Will the Real Joe Biden Please Stand up on Health Care?
America’s voters and medical patients deserve straight talk from Joe Biden about his health care policies. Throughout the Covid-19 crisis of 2020, health care providers have persevered to ensure care remained available in the face of great uncertainty. However, on matters of health care policy the former Vice President’s equivocation presents concerns for what health care policies America will get along with a Biden White House victory.
Throughout the campaign, Biden has offered little in terms of a concrete policy agenda and has explicitly avoided being pinned down on hot topic items. For example, when asked about court-packing, Biden told reporters “you’ll know my position on court-packing the day after the election.” He has done the same on health care, where on the one hand he dedicated his opening statement in September’s debate to attacking the Trump administration’s efforts to unravel the Affordable Care Act. On the other hand, Biden has expressed support for the “principle” of a Medicare for All-type system that inserts government between the patient-physician relationship, and he refused to say whether or not he would veto a bill passed by Congress.
In the Democratic primaries, Biden seemed to be one of the few Democratic voices to oppose Medicare for All-type health care. He opposed the Bernie Sanders-sponsored universal health care plan on budgetary grounds and the likelihood that such legislation would eliminate ACA. He also argued the expense of such an overhaul would have “profound impacts on everything from taxes for [the] middle class.”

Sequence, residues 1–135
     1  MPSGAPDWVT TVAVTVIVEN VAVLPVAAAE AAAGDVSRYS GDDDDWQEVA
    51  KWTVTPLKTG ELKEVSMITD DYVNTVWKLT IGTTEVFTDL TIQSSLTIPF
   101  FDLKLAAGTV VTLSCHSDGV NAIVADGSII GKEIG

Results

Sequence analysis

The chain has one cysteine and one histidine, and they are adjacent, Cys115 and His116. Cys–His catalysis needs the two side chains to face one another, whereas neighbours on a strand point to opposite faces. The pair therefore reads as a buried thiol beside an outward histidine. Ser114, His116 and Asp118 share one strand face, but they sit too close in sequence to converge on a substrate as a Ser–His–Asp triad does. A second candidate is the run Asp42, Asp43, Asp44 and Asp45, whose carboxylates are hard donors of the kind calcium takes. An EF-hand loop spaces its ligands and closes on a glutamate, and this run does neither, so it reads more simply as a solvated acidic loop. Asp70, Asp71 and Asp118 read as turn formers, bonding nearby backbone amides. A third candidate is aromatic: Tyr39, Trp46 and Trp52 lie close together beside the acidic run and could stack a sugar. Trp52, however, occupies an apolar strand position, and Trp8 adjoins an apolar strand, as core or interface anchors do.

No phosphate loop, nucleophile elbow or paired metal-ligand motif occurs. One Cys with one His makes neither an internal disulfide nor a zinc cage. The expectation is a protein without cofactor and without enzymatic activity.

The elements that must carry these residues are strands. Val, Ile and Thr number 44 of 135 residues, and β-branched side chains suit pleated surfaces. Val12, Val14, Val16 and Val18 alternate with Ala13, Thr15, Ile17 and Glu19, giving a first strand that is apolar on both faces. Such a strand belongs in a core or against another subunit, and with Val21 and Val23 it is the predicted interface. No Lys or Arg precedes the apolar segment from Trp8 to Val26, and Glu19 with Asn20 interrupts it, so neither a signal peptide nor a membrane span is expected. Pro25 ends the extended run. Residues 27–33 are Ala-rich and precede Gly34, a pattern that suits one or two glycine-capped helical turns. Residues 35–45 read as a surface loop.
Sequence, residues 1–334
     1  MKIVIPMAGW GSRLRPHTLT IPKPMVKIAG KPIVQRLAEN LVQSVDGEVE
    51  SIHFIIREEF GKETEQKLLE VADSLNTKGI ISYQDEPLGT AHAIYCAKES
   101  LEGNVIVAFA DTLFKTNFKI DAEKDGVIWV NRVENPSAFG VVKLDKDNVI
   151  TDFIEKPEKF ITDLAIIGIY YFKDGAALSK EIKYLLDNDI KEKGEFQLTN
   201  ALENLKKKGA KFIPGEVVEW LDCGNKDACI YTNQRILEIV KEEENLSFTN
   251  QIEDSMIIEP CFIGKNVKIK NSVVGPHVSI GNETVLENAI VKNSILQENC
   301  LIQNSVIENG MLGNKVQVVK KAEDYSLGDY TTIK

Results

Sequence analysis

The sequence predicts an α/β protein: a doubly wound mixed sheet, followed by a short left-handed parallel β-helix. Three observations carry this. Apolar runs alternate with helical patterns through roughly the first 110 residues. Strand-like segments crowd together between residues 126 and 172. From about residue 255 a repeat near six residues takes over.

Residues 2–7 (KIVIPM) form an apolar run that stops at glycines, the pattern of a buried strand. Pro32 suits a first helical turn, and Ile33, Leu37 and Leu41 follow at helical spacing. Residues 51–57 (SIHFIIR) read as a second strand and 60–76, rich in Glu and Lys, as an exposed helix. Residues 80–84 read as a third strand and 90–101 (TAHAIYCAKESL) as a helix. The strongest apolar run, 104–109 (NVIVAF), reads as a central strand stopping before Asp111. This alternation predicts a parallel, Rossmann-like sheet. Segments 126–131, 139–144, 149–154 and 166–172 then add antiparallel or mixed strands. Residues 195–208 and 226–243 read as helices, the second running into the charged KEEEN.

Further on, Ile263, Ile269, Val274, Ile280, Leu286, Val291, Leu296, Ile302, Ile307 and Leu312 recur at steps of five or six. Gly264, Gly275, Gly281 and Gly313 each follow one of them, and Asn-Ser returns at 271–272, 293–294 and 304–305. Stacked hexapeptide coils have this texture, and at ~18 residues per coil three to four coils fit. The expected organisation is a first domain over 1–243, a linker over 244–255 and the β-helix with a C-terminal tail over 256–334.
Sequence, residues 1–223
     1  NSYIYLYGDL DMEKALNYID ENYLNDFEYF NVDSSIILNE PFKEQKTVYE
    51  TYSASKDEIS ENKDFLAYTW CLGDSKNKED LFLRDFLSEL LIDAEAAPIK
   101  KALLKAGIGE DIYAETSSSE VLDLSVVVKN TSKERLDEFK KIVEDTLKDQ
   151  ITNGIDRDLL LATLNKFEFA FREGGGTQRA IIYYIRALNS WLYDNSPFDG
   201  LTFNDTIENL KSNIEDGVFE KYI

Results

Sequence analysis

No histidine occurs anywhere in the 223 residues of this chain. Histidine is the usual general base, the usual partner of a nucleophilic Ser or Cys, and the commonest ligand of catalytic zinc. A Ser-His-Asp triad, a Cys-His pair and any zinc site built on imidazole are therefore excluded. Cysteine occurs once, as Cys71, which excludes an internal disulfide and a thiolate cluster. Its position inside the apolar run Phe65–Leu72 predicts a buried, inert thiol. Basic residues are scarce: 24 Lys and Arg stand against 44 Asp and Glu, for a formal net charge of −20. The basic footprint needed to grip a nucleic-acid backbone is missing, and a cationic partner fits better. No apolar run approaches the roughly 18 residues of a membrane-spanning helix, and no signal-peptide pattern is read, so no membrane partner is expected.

That has changed since securing the nomination. Biden has welcomed Sanders and his policy team under the campaign tent. The Biden-Sanders Unity Task Force platform proposed a public option health plan under ACA that would be administered by Medicare. In other words, Medicare for All proponents get their universal health care plan as long as it is a part of ACA. Bernie Sanders endorsed the task force’s proposal in an interview with NBC’s Chuck Todd saying, “Joe Biden will become the most progressive president since Franklin Delano Roosevelt.”
Biden’s dodgy policy agenda carries down the ticket. His running mate, Senator Kamala Harris (D-CA), was the first co-sponsor Sanders’s Medicare for All legislation, but by late 2019 she was telling donors that she was not comfortable with that specific plan. Then, after a primary debate in 2020, Harris explained, “In my vision of Medicare for All, it includes private insurance where people can have supplemental insurance.”
With Harris also declining to answer questions on support for court-packing, it would appear that significant parts of the Biden-Harris agenda is another “vote on it, to find out what’s in it” package. At best guess, their health care policy platform is a blend of all things to all people as long as it maintains the ACA label. That likely means more government intrusion into average people’s health care, greater rationing, and less access. At worse, their health care plan is a repackaged Sanders plan with Obamacare wrapping paper.
The foundational principles of a patient-focused health care system are not fully endorsed by either candidate. Both President Donald Trump and Biden support drug price controls. But while Trump has endorsed the principles of reduced government interference, and acted on those principles throughout the COVID-19 crisis to fast-track testing and creation of a vaccine, Biden has dodged instead of making clear what voters will get in 2021.
Dr. Chad Savage founded YourChoice Direct Care to practice primary care with a clear focus on the patient and their health through the Direct Primary Care model.